As I mentioned before, when you’re exposed to Lyme disease over a long period of time, it can trigger autoimmune diseases. (15) To reverse this (Or prevent it in the first place!), it’s imperative that you reduce inflammation in your body. Luckily for us, the ketones produced when your body is in ketosis are anti-inflammatory. In one example, the ketone beta-hydroxybutyrate acts as a signaling molecule and epigenetic modulator, working to activate (16) anti-inflammatory pathways (such as AMPK and Nrf-2) and inhibiting inflammatory pathways like NFkB, COX2, and the NLRP-3 inflammasome.
In plain English, this means that a plant-based ketogenic diet attacks chronic inflammation in multiple ways. This, combined with restored mitochondrial function, can help eliminate debilitating neurological symptoms like brain fog, which often occur with chronic Lyme. Sounds pretty good, doesn’t it?
4. It restores the microbiome to its former glory.
Most Lyme experts can agree on one thing: The gut microbiome is a key player in fighting off Lyme infections. This is because about 80 percent of our immune system is located in your GI tract. The good news is that the combination of healthy fiber and probiotic foods on the Ketotarian diet will help bring balance to your microbiome by killing bad bacteria and inoculating your belly with healthy ones (called probiotics) that help boost the immune system, lower inflammation, and fight disease. The Ketotarian diet is also low in sugar and carbs, foods that are known for promoting inflammation and suppressing immune function.
Should you go Keto to combat Lyme?
More studies need to be done that test this diet on patients with Lyme, but for now I feel it’s a safe and effective way to support your body through the process of healing Lyme. Many of the pathways implicated in Lyme disease are also modulated with a high-fat, low-carb keto diet. Because of this, in my practice I put almost all my patients with Lyme on some form of Ketotarian diet. Depending on how severe your Lyme disease is, I suggest seeking out a Lyme-savvy functional medicine practitioner who’s familiar with Lyme and low-carb, high-fat diets like the Keto diet.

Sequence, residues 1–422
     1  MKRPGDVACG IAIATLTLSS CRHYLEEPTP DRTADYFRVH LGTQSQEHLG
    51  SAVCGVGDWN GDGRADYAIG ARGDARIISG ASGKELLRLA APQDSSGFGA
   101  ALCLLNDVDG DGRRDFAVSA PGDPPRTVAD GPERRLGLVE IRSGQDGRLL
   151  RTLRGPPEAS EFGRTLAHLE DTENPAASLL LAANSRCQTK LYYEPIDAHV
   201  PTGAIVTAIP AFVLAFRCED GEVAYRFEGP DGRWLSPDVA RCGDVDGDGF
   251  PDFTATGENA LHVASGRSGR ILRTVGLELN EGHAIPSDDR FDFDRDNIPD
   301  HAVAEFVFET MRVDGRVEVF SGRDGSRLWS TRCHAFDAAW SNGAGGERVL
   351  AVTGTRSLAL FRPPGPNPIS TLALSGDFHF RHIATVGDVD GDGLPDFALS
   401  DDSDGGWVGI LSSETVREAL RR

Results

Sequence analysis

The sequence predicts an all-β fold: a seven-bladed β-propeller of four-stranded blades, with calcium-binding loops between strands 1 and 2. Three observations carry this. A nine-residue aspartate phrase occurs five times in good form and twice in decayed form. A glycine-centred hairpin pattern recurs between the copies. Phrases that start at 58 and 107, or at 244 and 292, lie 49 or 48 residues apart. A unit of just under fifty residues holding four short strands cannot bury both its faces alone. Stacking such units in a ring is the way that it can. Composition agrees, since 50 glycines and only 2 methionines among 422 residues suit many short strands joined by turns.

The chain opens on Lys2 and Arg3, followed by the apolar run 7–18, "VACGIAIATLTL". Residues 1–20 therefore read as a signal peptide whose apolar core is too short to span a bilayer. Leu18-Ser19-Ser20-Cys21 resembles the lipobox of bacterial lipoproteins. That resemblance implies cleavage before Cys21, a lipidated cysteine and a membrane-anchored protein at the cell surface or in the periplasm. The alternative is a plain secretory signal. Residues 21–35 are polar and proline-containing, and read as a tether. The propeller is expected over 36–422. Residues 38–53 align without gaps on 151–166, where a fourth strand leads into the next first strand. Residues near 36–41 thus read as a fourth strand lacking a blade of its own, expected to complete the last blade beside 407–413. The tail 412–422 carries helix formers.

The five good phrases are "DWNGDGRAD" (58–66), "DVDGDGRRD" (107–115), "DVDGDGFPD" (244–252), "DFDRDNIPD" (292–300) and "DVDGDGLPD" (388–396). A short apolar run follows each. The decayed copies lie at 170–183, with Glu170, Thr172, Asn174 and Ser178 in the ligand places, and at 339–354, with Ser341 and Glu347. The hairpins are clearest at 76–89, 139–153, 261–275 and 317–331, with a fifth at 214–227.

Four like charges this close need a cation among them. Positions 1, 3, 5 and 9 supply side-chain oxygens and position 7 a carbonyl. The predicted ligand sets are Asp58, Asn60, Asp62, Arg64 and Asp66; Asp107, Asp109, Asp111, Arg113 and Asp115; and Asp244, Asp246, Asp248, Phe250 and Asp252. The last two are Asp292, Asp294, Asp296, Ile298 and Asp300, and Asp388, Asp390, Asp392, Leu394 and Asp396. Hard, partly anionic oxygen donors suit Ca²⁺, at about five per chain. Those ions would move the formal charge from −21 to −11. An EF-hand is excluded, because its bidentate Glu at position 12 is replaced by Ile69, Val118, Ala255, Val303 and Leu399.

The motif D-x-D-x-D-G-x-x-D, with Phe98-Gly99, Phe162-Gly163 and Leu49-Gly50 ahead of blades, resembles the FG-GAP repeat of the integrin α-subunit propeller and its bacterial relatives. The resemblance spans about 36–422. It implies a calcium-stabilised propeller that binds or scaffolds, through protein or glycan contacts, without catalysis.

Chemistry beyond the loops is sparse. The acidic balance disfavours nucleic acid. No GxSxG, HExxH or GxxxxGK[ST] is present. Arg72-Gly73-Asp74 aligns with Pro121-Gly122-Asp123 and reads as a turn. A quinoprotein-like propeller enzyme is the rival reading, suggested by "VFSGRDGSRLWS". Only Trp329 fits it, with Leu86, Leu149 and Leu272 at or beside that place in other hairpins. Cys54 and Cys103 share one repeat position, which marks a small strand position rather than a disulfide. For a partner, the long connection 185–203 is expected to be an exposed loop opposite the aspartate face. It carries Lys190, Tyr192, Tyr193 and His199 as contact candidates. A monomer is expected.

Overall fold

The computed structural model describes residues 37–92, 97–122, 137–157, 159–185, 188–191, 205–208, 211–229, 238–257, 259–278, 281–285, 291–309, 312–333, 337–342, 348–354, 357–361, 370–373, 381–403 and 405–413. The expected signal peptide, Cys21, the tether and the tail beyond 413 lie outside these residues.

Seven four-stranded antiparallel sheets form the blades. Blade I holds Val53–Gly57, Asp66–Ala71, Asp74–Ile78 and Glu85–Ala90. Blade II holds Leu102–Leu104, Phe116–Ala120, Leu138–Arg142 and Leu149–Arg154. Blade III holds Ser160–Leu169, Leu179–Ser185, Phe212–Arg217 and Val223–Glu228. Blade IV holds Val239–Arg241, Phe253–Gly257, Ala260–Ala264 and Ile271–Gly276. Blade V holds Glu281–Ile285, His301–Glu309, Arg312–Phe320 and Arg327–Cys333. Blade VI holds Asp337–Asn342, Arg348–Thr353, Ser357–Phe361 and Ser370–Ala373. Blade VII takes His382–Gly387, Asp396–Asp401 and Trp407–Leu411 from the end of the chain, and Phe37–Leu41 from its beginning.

If you want to learn more about your own health case please check out our consultation process. We offer webcam as well as in-person consultations for people across the country and around the world.
- Kugeler, K. J., Farley, G. M., Forrester, J. D., & Mead, P. S. (2015). Geographic Distribution and Expansion of Human Lyme Disease, United States. Emerging Infectious Diseases, 21(8), 1455-1457. https://dx.doi.org/10.3201/eid2108.141878.
- CDC provides estimate of Americans diagnosed with Lyme disease each year August 19, 2013 https://www.cdc.gov/media/releases/2013/p0819-lyme-disease.html
- Pachner AR. Neurologic manifestations of Lyme disease, the new "great imitator". Rev Infect Dis. 1989;11 Suppl 6:S1482‐S1486.
- Lyme Disease Treatment CDC December 17, 2019 https://www.cdc.gov/lyme/treatment/index.html